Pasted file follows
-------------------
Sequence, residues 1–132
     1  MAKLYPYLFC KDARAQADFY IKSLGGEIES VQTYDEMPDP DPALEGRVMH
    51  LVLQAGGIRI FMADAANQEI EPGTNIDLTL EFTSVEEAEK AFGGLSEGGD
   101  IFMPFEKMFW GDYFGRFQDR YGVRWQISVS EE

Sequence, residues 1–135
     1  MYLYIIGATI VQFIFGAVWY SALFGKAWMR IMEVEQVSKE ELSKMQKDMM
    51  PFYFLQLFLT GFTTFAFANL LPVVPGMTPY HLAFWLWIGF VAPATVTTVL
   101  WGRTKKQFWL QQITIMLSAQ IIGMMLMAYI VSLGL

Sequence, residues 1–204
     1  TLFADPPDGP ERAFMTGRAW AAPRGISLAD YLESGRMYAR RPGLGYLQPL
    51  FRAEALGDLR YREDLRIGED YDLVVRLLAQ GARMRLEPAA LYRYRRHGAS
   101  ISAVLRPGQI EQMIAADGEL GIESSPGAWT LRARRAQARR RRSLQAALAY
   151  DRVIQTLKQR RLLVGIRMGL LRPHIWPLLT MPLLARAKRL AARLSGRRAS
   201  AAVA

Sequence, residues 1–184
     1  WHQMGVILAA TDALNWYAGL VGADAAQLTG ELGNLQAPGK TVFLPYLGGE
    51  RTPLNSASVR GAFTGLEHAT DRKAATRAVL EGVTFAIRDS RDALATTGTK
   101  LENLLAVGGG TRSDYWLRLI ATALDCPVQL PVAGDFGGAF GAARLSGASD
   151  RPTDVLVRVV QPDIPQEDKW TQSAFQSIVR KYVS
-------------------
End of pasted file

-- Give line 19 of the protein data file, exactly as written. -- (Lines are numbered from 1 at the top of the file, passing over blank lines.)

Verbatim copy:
   151  RPTDVLVRVV QPDIPQEDKW TQSAFQSIVR KYVS